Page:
I believe they have shown that gender in languages that assign it like Spanish, such as to tables or tvs, does affect speaker perceptions of something being more masculine or feminine, but I'm not a 100% sure on that, and I don't believe it's very significant.

For gender referring to family terms, such as your Chinese example, I would speculate this does come from a patriarchal view of society. You likely see such distinctions because they were considered important enough, but this may not also be the case. Language change can be kind of odd and leave remnants of things that you would otherwise not expect (such as marked case in English, who vs whom, I vs Me).

As for the gender distinction in English, I think a lot of the masculine terms were originally gender neutral, and then people started adding feminine inflections to them. For instance, at least in my opinion as an English speaker, you could refer to both men and women as actors, but only women as actresses. In fact, from when and where I grew up, aside from feminist talks and the like, it has never been unusual to use "male" terms for both men and women, it's more like a gender neutral word, vs the feminine ones that are specifically only for women. English has also responded to the need for a gender neutral pronoun, as "they" has been adopted in the singular by most English speakers as a gender neutral third person pronoun. It isn't "officially" this yet, but it's definitely on it's way, if not already part of the language. My experience with non-binary individuals is that they either prefer "they" or they like your to switch between "he" or "she" depending on mood/context. There are others who may want some other form of pronoun, but I think for the most part this covers many of them. I've even seen some want "it" used, though "it" implies something is inanimate, and thus considered demeaning by many. Thus, we may eventually see "it" become an acceptable gender neutral animate pronoun in English, but I would speculate it won't because of "they" and it's popular usage.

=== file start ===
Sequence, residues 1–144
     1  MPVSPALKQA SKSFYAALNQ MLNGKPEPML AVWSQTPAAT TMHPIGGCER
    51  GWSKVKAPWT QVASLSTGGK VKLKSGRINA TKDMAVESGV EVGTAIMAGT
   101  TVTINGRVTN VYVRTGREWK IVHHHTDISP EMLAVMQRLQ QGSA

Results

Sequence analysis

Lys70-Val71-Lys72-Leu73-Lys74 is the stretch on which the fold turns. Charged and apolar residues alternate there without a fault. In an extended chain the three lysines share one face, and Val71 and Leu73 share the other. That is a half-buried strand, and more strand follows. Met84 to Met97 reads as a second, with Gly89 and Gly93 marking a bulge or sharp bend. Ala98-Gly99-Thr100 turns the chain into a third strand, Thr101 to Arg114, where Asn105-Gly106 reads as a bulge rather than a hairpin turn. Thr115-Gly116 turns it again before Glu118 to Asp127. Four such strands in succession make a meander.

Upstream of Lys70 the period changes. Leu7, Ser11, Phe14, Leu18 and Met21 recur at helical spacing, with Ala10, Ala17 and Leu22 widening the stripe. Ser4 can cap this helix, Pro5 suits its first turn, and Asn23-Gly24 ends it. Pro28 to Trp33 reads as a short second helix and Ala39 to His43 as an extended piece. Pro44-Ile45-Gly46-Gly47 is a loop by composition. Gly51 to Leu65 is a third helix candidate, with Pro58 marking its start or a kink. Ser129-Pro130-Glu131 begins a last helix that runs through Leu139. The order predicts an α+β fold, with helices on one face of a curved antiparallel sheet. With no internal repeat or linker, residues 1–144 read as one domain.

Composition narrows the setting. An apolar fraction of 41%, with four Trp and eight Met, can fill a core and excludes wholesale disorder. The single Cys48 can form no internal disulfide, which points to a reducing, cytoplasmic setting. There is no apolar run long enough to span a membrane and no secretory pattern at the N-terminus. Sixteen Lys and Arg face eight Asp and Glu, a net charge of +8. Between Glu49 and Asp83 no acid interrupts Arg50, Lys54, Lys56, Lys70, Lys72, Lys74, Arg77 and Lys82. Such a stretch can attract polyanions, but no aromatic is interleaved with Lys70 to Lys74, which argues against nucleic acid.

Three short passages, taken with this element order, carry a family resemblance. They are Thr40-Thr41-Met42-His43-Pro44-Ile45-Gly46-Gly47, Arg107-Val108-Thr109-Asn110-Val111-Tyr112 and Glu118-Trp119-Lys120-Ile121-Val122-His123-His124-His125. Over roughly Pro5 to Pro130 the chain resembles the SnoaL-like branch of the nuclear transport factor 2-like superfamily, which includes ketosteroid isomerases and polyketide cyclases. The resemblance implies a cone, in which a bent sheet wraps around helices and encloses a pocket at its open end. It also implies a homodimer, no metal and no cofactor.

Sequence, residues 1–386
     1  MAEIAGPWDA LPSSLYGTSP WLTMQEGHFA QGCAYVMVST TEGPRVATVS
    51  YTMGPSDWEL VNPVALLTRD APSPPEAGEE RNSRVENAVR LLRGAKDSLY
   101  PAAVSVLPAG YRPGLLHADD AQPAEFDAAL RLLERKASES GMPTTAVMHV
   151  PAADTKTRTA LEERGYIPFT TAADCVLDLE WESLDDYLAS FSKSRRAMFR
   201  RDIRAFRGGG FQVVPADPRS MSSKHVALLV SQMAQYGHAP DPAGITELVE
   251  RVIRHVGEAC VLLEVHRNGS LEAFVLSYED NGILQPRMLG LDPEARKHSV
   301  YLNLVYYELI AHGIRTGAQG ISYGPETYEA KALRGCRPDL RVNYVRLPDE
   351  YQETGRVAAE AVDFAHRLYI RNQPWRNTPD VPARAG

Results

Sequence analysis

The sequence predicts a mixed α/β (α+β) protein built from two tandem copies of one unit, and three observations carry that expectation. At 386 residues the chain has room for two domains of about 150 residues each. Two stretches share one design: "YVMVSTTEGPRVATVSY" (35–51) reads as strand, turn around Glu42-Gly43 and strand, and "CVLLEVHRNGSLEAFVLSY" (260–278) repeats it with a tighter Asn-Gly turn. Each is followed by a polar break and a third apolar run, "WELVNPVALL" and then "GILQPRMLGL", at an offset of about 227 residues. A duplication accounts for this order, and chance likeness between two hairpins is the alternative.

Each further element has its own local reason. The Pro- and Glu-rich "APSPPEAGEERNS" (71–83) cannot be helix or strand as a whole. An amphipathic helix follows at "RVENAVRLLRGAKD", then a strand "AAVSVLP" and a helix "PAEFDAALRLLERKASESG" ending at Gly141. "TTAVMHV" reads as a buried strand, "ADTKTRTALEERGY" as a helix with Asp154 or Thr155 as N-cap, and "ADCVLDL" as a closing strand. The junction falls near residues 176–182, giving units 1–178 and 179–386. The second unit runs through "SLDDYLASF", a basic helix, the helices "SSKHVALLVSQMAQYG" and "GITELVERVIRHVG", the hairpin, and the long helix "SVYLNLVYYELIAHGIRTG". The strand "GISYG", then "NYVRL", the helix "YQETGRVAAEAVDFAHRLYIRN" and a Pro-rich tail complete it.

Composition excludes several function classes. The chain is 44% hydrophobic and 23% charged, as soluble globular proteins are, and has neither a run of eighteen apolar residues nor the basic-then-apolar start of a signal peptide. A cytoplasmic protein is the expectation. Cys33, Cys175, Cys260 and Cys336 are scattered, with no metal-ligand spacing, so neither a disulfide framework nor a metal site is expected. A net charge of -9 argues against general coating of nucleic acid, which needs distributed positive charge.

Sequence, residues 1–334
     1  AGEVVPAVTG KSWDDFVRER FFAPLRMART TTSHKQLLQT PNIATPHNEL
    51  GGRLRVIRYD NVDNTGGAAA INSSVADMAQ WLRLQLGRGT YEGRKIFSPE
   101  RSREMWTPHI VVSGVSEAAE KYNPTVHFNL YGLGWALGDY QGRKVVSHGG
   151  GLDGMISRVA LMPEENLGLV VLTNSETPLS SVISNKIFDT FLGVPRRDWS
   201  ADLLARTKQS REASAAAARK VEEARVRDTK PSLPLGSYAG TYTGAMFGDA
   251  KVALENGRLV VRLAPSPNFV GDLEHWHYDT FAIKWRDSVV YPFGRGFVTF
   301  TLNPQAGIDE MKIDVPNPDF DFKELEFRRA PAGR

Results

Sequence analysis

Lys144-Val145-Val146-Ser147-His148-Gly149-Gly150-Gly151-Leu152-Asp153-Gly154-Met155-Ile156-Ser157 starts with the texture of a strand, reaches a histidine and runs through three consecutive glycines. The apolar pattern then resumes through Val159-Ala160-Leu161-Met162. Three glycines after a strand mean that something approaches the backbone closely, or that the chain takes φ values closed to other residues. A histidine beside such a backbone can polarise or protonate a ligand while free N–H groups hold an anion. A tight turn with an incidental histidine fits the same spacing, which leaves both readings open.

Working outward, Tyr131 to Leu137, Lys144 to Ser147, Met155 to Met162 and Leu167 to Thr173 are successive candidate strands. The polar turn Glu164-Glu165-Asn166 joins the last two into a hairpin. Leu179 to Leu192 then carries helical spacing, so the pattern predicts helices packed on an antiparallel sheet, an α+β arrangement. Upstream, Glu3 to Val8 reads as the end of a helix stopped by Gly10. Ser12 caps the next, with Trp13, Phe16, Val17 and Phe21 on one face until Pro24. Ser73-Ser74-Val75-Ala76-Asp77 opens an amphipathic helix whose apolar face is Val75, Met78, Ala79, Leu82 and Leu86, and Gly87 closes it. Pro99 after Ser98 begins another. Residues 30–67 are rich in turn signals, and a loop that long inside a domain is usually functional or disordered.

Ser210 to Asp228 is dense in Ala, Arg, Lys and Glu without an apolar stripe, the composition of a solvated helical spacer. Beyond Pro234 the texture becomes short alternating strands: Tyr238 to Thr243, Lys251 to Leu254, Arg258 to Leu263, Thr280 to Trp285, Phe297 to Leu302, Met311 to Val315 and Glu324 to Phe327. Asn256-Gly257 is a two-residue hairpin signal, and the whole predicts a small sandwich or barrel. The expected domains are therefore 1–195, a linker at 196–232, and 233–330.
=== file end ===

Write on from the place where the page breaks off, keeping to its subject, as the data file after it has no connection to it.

Also, to add on to the discussion of gender, there are a few languages that you may be curious about. For instance, Japanese women used to have to use a different writing system than men (this is why there is both Katakana & Hiragana if I recall correctly). There are also aboriginal languages where the women have their own version of the language they have to speak (and I think one of them even has an additional form for speaking with mother in laws, but I'm not sure on that one).

Overall, a lot of the heavy focus on Gender from a grammatical perspective is clustered in the Indo-European languages, and particularly in the more popular European languages. This does not mean it doesn't occur elsewhere, just that it's heavily focused in a small sample of the world's languages that just happen to be some of the most spoken languages.

Also, and this is super important, I'm very rusty on all of this. But look into some linguistic textbooks on gender, or even investigate conlanging a bit. It's covered quite in depth, and you can even ask some questions on the conlanaging forums about how gender works in certain languages, why it's there, etc.

Language is extremely complex and beautiful, and why there are certainly effects from gender in language, their origins can be surprising when investigated and may actually serve a different purpose than what you imagine.

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PostPosted: Sun 24 Dec, 2017  Reply with quote

Thanks for your reply smile

I guess I feel unnaturally bothered by genderendess in languages, like most people don't even think about it. It took some time for me to separate it as something mostly grammatical.